1047. Great teachers’ abilities to generalize their knowledge to new pieces is impressive indeed. I remember once seeing Henry Meyer coach a quartet on a piece he wasn’t familiar with. He just asked for the score, and dove right in, revealing insights and nuances and asking deep probing questions that had all of us simply smiling and shaking our heads in awe.
  1048. Along with #3
  1049. The 10-minute rule, via John Medina
  1050. The teachers demand a consistent standard of sound quality from their students.”
  1051. “Any flaws in fundamental technique are immediately addressed; no performance trials with incorrect technique are allowed to continue.”
  1052. Like here and here
  1053. Download the complete study here
  1054. Love is smiling even when your teeth are missing
  1055. Here's an interesting talk he gave for the LA Phil in 2014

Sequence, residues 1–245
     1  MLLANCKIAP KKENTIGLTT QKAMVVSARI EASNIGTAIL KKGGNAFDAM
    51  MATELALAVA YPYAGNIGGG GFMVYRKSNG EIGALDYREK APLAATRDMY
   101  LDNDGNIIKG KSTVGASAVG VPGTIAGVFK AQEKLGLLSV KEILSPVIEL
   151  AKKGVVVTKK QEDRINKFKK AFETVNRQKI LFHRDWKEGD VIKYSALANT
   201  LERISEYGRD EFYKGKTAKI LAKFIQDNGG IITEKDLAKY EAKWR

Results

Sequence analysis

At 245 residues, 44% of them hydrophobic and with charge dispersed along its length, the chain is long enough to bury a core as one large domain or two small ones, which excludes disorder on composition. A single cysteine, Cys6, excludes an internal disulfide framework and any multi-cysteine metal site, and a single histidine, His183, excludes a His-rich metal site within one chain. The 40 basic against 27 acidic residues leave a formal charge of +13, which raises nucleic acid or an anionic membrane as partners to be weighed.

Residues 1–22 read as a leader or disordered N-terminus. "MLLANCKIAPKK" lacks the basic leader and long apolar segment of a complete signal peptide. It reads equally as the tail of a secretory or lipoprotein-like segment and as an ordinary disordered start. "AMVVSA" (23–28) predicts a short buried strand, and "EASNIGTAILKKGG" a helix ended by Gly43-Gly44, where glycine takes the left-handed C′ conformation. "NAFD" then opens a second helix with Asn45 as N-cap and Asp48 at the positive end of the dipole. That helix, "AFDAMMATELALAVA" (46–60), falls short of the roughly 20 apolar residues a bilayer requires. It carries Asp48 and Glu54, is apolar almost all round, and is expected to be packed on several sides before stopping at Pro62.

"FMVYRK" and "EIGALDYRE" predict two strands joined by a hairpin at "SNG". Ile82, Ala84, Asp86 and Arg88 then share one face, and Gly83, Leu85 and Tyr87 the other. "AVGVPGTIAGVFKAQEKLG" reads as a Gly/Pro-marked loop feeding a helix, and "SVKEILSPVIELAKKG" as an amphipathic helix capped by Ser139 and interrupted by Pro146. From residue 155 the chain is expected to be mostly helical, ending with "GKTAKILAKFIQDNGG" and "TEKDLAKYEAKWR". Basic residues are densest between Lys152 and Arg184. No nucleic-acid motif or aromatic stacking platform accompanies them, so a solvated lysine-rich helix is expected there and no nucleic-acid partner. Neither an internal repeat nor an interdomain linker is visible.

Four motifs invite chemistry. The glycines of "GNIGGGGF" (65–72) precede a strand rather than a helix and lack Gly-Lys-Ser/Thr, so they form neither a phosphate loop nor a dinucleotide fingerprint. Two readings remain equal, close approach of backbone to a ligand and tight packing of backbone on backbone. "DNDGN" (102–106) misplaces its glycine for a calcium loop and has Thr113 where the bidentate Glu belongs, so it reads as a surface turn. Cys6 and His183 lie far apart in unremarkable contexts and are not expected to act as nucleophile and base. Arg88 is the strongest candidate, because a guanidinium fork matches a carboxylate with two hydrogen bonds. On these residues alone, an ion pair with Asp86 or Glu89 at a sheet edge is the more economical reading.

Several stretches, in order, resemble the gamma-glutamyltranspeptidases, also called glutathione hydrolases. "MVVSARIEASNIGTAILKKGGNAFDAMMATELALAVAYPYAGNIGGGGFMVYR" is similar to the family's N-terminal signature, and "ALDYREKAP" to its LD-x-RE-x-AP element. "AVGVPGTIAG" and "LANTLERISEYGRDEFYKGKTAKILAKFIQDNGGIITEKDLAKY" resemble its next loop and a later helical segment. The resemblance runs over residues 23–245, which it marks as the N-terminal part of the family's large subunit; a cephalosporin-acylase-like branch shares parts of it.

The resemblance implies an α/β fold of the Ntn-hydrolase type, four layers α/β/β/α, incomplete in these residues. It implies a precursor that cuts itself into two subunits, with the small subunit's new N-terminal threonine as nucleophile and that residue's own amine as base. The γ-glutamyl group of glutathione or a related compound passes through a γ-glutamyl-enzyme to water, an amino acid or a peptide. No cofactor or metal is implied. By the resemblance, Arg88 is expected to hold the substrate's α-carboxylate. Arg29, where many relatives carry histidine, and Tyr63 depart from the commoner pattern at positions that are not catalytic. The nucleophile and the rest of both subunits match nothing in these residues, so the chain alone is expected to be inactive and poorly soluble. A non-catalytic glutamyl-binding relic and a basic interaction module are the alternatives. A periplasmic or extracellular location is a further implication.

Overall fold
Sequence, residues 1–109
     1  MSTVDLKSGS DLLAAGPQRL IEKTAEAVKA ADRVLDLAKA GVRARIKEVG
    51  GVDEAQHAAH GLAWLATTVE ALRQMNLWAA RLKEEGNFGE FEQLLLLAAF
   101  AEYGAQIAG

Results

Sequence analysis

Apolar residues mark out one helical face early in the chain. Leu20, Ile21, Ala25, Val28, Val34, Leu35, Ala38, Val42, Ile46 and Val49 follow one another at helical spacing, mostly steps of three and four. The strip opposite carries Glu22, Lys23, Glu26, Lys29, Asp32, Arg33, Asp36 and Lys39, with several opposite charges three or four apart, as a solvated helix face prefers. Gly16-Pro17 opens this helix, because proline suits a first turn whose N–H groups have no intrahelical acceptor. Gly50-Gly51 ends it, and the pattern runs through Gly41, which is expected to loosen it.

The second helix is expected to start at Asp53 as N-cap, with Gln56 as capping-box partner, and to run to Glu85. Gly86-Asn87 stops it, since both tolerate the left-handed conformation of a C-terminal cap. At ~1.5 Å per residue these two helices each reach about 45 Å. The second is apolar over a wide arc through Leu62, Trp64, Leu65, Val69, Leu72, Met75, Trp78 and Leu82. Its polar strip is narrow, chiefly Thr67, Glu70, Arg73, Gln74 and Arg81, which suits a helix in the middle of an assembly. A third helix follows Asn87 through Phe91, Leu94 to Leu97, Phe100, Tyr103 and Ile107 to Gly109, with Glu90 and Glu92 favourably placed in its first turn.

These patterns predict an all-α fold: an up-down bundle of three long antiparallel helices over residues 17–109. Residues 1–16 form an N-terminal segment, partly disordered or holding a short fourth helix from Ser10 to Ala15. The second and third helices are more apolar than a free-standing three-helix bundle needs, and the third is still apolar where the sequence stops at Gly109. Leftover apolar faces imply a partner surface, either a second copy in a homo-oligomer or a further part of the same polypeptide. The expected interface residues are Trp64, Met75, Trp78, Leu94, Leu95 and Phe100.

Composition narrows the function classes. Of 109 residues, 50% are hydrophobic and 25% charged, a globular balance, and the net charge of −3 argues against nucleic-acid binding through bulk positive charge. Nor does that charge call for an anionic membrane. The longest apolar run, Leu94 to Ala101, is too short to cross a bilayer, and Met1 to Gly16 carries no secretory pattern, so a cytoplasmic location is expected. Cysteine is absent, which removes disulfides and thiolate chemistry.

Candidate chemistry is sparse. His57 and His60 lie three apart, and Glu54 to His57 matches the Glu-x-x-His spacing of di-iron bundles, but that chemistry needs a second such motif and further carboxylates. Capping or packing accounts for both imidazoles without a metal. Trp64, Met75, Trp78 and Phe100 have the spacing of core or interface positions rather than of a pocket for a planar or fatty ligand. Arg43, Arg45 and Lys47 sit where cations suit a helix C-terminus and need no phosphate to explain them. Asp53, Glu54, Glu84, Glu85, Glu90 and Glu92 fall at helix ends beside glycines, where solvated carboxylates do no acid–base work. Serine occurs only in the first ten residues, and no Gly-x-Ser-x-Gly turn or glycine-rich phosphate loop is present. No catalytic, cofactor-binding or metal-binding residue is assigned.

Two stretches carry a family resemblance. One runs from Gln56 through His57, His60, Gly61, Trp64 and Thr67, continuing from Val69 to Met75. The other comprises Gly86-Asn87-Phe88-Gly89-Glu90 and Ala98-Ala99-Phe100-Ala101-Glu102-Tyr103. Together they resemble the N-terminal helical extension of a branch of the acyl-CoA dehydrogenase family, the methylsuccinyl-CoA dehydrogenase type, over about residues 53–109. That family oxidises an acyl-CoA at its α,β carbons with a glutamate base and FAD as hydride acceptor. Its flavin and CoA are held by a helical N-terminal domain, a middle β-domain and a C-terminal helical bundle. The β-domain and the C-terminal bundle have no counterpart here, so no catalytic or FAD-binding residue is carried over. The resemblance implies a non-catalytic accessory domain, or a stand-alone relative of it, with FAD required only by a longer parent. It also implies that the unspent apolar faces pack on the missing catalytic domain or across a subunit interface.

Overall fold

1056. who gives an interview here, discussing orchestral auditions and the importance of scales
  1057. who talks a bit about how she warms up and shares other tidbits in this short interview here
  1058. though I could see an argument being made for there being a time and place for both
  1059. Great teachers’ abilities to generalize their knowledge to new pieces is impressive indeed. I remember once seeing Henry Meyer coach a quartet on a piece he wasn’t familiar with. He just asked for the score, and dove right in, revealing insights and nuances and asking deep probing questions that had all of us simply smiling and shaking our heads in awe.
  1060. Along with #3
  1061. The 10-minute rule, via John Medina
  1062. The teachers demand a consistent standard of sound quality from their students.”
  1063. “Any flaws in fundamental technique are immediately addressed; no performance trials with incorrect technique are allowed to continue.”
  1064. Like here and here
  1065. Download the complete study here
  1066. Love is smiling even when your teeth are missing
  1067. Here's an interesting talk he gave for the LA Phil in 2014